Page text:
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Florida Citizens drops Ian claim-count. Sees lower than expected numbers


Florida’s property insurer of last resort Citizens Property Insurance Corporation said Friday that it is now estimating a hurricane Ian claim-count of around 100,000, down dramatically from its earlier assessment of a burden of over 225,000 claims being anticipated.

Florida Citizens logoNow, Florida Citizens has opted to go for the lower-end of the range its catastrophe modellers implied, which was 100,000 to as many as 150,000 claims.

The reason for opting for the lower-end is that the insurer is not seeing the numbers of claims it had been anticipating as you move into counties of Florida further from hurricane Ian’s landfall.

As if Friday October 14th, Florida Citizens had received almost half the hurricane Ian claims it is expecting, with 47,278 already filed.

The insurer said that, at first, it had accepted the risk modelers loss estimate but not their claims count numbers, so its staff had opted for the 225,000+ claims figure.

The reason being that Citizens staff thought damage and claims numbers would be far greater outside of the three-county area of Lee, Charlotte and Sarasota counties than it has so far seen.

The property insurer of last resort for Florida is also opting to stick with its previously published loss estimate range, of between $2.3 billion and $2.6 billion after hurricane Ian.

Now, this gives a more reasonable average loss cost-per-claim, of $23,000 at the lower-end, or $26,000 at the upper-end.

However, this still doesn’t factor in litigation and as we’ve highlighted before, hurricane Irma’s average claims cost for Citizens was $31,000, but if you then add 20% for inflation over the last five years that comes to around $37,000.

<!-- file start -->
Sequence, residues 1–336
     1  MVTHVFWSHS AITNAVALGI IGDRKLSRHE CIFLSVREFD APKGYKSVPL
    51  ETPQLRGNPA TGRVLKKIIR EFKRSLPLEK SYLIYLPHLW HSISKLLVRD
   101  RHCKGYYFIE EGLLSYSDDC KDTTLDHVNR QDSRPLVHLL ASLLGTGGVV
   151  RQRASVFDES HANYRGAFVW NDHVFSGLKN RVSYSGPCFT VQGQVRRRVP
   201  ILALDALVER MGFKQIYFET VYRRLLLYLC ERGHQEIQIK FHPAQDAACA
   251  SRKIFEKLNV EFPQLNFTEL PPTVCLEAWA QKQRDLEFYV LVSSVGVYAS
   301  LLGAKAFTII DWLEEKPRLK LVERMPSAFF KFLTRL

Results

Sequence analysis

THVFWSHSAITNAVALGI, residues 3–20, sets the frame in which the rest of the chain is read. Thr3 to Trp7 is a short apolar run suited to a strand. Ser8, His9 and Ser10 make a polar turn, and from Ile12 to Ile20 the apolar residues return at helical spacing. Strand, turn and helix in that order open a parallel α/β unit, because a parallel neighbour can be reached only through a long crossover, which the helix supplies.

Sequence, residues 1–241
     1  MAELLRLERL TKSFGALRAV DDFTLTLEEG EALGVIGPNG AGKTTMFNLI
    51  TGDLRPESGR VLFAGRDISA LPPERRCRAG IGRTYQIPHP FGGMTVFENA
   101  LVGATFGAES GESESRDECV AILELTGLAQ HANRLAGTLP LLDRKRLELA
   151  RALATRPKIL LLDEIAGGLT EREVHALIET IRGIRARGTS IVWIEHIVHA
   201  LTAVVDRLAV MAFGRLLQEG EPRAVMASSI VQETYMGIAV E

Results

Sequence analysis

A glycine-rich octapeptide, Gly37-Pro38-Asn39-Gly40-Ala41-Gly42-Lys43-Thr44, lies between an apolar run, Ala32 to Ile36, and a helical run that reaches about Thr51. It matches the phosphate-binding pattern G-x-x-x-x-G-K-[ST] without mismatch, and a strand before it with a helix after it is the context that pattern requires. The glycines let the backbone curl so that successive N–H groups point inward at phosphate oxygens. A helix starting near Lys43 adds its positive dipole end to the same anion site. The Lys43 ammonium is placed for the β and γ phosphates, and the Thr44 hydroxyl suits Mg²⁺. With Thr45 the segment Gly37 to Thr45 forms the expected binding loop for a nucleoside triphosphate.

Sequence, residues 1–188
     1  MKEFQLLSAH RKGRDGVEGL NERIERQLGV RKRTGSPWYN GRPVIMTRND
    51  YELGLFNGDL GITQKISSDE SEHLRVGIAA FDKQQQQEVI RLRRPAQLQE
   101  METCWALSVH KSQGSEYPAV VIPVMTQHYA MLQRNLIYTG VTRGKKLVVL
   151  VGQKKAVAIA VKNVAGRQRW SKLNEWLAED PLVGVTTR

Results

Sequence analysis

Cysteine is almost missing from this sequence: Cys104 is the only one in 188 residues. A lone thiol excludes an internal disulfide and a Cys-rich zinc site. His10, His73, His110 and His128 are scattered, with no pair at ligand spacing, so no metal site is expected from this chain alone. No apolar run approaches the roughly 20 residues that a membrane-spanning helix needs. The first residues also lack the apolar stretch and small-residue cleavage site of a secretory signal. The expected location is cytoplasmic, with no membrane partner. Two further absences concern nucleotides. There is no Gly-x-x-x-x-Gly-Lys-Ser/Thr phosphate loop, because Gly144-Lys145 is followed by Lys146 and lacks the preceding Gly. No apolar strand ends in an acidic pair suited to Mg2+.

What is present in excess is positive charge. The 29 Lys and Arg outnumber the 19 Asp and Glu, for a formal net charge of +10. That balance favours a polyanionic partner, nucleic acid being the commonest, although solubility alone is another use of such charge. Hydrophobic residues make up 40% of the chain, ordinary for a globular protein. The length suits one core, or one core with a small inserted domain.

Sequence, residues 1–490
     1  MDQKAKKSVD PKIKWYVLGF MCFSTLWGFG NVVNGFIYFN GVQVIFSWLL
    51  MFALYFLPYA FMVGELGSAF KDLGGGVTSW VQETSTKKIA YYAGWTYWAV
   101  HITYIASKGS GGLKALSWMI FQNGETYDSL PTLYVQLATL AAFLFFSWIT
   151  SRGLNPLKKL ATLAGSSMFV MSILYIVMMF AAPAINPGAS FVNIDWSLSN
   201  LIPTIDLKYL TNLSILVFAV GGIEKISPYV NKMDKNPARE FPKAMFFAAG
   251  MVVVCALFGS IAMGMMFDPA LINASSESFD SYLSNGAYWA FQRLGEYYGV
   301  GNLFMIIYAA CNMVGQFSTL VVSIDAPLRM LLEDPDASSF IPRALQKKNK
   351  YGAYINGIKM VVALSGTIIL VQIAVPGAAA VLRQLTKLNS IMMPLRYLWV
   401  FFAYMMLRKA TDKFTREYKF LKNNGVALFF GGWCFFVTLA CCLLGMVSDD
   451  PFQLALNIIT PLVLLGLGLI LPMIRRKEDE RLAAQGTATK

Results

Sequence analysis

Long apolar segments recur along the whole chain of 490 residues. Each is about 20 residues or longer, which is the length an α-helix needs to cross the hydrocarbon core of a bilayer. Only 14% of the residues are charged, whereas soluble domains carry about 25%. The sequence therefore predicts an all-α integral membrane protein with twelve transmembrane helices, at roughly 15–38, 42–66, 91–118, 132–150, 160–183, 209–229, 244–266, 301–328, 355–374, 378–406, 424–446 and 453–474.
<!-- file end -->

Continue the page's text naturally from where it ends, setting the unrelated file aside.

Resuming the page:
As a result, with an expected 100,000 or so claims, there is plenty of potential for Florida Citizens gross losses from hurricane Ian to rise above $3 billion and get closer to troubling some of its reinsurance arrangements.

On an industry-wide basis, as we explained Friday, Citizens CEO Barry Gilway had said his best-estimate for hurricane Ian’s losses was around $40 billion.

Now, Citizens has clarified this to say Gilway believes the hurricane Ian industry loss will be towards the lower end of a $30 billion to $67 billion range.

So, a little more clarity on what to expect from Florida Citizens, but still the cost-per-claim looks like it could likely be higher than the estimate currently suggests, so there is the potential for the overall gross loss from hurricane Ian to rise, although that will become clearer in time as the recovery process continues.

But, the fact the claims count expectation has been lowered is perhaps some positive news for the industry, suggesting wind-related claims may not be as widespread as initially assumed with hurricane Ian, outside of the immediate landfall region.

Read all of our coverage of hurricane Ian, and our analysis on the potential market losses, here.

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